Time moves quickly, and it always does. I’m already halfway through my Remote Year 4-month journey (unless I decide to extend…TBD!). It’s been an incredible experience from top to bottom. I wanted to take this time to recap my experiences in Lisbon, Portugal.
Ending on a High Note
As detailed in a previous post, I was not initially quite fond of Lisbon in my first week or so. The adjustment post-Belgrade was longer than I thought, and I found myself wandering mentally. I was wondering if I would fit in, if I would find the groceries I wanted, and if Lisbon was the city I had hyped it up to be in my mind. As the month passed on and after returning from my side-trip to Spain, I started to feel comfortable again as I had in Belgrade. I’ve realized this about moving to a new city each month: it is jarring and somewhat scary to plop yourself into living in a brand new place. However, you will finally feel at home after time. As someone once said, adjustment just happens.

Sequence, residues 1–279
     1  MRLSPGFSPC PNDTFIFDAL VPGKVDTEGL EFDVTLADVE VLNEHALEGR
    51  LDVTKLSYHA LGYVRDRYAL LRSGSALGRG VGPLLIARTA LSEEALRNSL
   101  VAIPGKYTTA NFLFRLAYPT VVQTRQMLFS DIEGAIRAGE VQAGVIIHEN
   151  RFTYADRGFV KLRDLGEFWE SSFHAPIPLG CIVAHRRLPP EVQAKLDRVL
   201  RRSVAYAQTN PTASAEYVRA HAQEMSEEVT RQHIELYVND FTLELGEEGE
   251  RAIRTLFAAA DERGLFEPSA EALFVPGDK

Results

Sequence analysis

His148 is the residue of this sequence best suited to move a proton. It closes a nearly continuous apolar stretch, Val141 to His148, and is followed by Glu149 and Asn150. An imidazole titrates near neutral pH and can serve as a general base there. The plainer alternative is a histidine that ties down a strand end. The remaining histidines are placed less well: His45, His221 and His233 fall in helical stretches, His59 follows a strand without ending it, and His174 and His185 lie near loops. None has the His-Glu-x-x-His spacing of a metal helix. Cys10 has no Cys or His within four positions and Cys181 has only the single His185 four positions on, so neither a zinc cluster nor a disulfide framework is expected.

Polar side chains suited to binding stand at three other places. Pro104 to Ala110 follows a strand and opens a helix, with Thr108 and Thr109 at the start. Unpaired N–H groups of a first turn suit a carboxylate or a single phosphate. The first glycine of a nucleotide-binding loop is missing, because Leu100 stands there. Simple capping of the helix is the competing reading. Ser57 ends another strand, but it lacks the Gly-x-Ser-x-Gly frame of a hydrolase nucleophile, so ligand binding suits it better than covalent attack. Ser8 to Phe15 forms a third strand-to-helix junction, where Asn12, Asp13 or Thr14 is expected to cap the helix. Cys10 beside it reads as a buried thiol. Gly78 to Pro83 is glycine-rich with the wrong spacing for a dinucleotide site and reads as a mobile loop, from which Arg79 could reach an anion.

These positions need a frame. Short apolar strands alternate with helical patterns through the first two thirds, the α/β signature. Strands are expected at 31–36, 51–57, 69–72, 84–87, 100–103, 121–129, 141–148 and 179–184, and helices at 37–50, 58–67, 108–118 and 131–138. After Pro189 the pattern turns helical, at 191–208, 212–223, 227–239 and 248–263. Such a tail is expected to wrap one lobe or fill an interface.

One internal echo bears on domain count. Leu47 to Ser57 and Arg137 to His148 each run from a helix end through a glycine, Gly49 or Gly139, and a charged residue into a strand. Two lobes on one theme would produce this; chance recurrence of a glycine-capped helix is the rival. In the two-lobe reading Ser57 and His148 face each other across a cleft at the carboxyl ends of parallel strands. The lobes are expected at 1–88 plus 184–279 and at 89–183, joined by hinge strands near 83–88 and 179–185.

After arriving back in Lisbon from Barcelona, I spent some time at Health Beach with some fellow remotes. I suppose one could say I’ve found an affinity for sand all over the place. I’ve been spending a lot of time at the beaches during my stay in Portugal. I suppose when you’re on the Atlantic coast, what else are you supposed to do? We sunbathed under the deep blue summer sky for hours, in between impromptu sessions of ball toss and diving into the frigid, salty sea waves. I wound up burning my back pretty badly, despite thinking I would not have done so. I wore ultra protective 50 SPF sunscreen on my front but didn’t consider my back. I guess I paid the price with a painful burn that lasted a week. I picked up some burn healing cream from a local pharmacy and slathered on that unholy, chalky substance as best I could. Oh, European beaches can get to you…
Out of Order: Bicycle Tour